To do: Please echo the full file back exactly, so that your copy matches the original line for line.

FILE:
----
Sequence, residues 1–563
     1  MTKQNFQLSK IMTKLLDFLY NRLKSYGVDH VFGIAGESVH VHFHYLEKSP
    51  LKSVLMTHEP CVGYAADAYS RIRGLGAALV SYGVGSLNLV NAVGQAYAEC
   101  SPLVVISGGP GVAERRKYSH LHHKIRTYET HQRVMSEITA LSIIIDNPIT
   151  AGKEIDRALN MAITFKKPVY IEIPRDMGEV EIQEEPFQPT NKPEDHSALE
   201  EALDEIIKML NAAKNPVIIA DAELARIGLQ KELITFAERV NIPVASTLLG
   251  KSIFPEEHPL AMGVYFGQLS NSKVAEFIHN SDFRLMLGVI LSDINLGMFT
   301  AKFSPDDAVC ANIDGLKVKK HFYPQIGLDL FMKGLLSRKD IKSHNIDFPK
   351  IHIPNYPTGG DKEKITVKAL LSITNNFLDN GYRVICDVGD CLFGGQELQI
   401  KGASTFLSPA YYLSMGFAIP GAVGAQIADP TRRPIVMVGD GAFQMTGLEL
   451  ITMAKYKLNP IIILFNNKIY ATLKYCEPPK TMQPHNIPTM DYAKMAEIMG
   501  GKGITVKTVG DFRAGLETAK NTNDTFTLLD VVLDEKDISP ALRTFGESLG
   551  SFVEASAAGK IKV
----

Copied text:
Sequence, residues 1–563
     1  MTKQNFQLSK IMTKLLDFLY NRLKSYGVDH VFGIAGESVH VHFHYLEKSP
    51  LKSVLMTHEP CVGYAADAYS RIRGLGAALV SYGVGSLNLV NAVGQAYAEC
   101  SPLVVISGGP GVAERRKYSH LHHKIRTYET HQRVMSEITA LSIIIDNPIT
   151  AGKEIDRALN MAITFKKPVY IEIPRDMGEV EIQEEPFQPT NKPEDHSALE
   201  EALDEIIKML NAAKNPVIIA DAELARIGLQ KELITFAERV NIPVASTLLG
   251  KSIFPEEHPL AMGVYFGQLS NSKVAEFIHN SDFRLMLGVI LSDINLGMFT
   301  AKFSPDDAVC ANIDGLKVKK HFYPQIGLDL FMKGLLSRKD IKSHNIDFPK
   351  IHIPNYPTGG DKEKITVKAL LSITNNFLDN GYRVICDVGD CLFGGQELQI
   401  KGASTFLSPA YYLSMGFAIP GAVGAQIADP TRRPIVMVGD GAFQMTGLEL
   451  ITMAKYKLNP IIILFNNKIY ATLKYCEPPK TMQPHNIPTM DYAKMAEIMG
   501  GKGITVKTVG DFRAGLETAK NTNDTFTLLD VVLDEKDISP ALRTFGESLG
   551  SFVEASAAGK IKV